With at least 55 vaccine trials underway, every piece of data matters.
Archaeology clues us in on the dangers of letting viruses hang around.
- A University of Otago researcher investigates the spread of disease in ancient Vietnam.
- The infectious disease, yaws, has been with us for thousands of years with no known cure.
- Using archaeology to investigate disease offers clues into modern-day pandemics.
Humans are accustomed to progress. We can travel to the planet's farthest reaches in a matter of hours—a day, at most. Imagining otherwise is impossible. Sure, we can think about it, but our scope of time is limited to generations, not epochs.
Witness our incredulity today. COVID-19 has revealed the impatience that immediately surfaces when we're told not to do something. Though diseases have wiped out entire populations in the past, we've come to expect solutions to instantaneously appear. History is long; our awareness of history, not so much.
For most of time, the geographic range of our ancestors was tiny. Even the dozens of miles hunter-gathering tribes traveled pales in comparison to pond-hopping in a plane. Geotagging travel photos took a few billion years to arrive; so did pandemics, in fact. Like humans, diseases generally remained local, spread only as far as your tribe traveled.
Not that diseases didn't exist. Viruses tumbled around the planet shortly after single-celled organisms emerged from the strange brew of Earth's initial gases and liquids. In some ways, we're returning to that past. Climate change is unlocking diseases our collective consciousness thought it left behind. Recently, an intact extinct cave bear, dating back nearly 40,000 years, was discovered in Siberia. Researchers had better wear protective gear: shifting temperatures are unlocking long-forgotten pathogens. Who knows what fury that beast wants to unleash.
Our relationship to disease changed after the last Ice Age ended roughly 12,000 years ago. The Pleistocene Epoch lasted roughly 2.5 million years; the conditions for mass gatherings did not yet exist. As we packed closer together, and as we packed other species close to us, viruses began circulating broadly.
Everything in life is a trade-off. The price of cities is recurring battles with coronaviruses.
History-Changing Archaeological Finds
While we rightfully look toward infectious disease experts during times such as now, archaeologists also have plenty to offer. A new research article, published in the journal, Bioarchaeology Journal, turns back the clock to ancient Vietnam. The findings offer important clues about why we need to eradicate COVID-19.
Lead author Melandri Vlok, a PhD student at the University of Otago in New Zealand (with support from researchers in Australia, Vietnam, Japan, and the UK), investigated a case of yaws that ran through the Neolithic archeological site of Mán Bạc in Northeast Vietnam.
Yaws remains a common infectious disease in at least 13 tropical countries, with up to a half-million infected each year. Hard skin lesions form on the victim's bodies; they can form painful ulcers. While lesions usually subside within six months, bone and joint pain and fatigue are common. Some cases last many years and result in permanent scars. On occasion, death follows a long battle.
Subsistence farmers in mainland China have long battled the environment. Finding the right soil and water sources for their crops has been a generational battle. Roughly 4,000 years ago, such farmers made their way into Mainland Southeast China (modern day Vietnam), where, as Vlok writes, "genetic admixture and social transition occurs between foragers and farmers." In 2018, Vlok traveled to Mán Bạc to study the remains of seven skeletons, which included two adults, two adolescents, and two children.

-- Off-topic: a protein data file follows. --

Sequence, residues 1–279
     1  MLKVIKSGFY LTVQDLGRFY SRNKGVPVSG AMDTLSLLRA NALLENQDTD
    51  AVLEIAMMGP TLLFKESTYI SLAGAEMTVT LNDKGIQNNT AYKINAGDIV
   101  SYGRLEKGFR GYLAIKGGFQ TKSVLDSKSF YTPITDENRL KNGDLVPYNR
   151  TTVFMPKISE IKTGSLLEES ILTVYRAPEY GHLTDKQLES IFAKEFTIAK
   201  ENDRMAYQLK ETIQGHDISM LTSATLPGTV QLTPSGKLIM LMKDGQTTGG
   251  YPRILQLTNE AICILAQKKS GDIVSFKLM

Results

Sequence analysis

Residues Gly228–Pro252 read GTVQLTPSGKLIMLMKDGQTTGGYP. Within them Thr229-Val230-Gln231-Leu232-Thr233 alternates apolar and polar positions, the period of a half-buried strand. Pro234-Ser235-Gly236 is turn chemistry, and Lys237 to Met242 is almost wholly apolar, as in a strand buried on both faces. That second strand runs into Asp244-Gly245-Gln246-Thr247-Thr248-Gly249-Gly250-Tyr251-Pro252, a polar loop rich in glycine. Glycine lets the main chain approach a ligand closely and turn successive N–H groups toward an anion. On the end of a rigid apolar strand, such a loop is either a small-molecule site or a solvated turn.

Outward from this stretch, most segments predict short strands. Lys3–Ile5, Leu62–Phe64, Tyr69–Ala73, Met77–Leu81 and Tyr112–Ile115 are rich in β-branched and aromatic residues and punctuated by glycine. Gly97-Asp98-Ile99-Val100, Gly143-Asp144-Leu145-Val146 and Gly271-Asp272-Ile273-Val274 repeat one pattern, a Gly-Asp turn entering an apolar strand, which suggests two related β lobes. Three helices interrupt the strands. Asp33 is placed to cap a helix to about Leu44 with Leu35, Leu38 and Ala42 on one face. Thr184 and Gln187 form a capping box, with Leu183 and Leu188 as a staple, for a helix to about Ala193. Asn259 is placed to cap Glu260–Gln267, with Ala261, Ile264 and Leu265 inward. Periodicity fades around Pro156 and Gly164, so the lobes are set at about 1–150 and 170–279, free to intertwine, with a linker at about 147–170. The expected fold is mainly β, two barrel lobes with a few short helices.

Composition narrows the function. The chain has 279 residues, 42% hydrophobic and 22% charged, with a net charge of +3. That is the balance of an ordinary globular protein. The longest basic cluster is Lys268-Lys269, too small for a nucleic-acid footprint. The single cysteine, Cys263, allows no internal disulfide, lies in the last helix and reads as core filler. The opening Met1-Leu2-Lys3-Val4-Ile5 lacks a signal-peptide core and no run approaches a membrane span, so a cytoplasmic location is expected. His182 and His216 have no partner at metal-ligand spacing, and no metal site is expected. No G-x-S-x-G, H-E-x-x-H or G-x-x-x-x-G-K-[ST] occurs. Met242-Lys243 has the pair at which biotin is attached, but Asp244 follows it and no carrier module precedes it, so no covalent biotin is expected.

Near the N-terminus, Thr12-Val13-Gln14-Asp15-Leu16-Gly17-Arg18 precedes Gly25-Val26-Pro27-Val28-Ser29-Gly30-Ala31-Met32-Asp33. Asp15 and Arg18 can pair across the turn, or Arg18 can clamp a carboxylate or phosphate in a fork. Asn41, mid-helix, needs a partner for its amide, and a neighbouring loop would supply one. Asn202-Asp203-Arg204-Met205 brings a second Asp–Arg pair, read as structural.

Her findings help give us perspective on today's proliferation of the coronavirus. As she says,
"This matters, because knowing more about this disease and its evolution, it changes how we understand the relationship people have with it. It helps us understand why it's so difficult to eradicate. If it's been with us thousands of years it has probably developed to fit very well with humans."
My Son Sanctuary, Quang Nam, Vietnam.
Credit: Mrkela / Shutterstock
Yaws is not the only disease considered in the article. Tuberculosis, brucellosis, and cancers were also discussed. The goal of the research was to identify disease spread through cultures and the chronic problems left behind, sometimes for millennia. Vlok notes how temperature fluctuations in the Mán Bạc region affected a variety of diseases. Yaws appeared to have spread easily due to an abundance of water and vegetation, combined with increased population density—children are more likely to spread this disease.
"Pre-industrialized agricultural communities have also been associated with increased incidence of yaws. The coastal region is also slightly warmer and more humid than inland northern Vietnam and therefore more conducive to the spread of yaws."
The Climate Clock is ticking down. We're already experiencing the ravages of this global shift, and it's not going to get any easier if interventions are not immediately legislated. While no single science will help us wrap our heads around the immediate future, Vlok suggests factoring in archaeology. Past precedent matters.
Gazing back a few hundred generations offers important clues for the future—really, the present—that we must confront. A concerted effort by the World Health Organization in the 1950s couldn't eradicate yaws. Diseases that have an opportunity to hang around will exploit every advantage it can. The blasé attitude too many Americans currently hold about the novel coronavirus's dangers is going to have a reverberating effect through the generations. As Vlok concludes,
"This shows us what happens when we don't take action with these diseases. It's a lesson of what infectious diseases can do to a population if you let them spread widely. It highlights the need to intervene, because sometimes these diseases are so good at adapting to us, at spreading between us."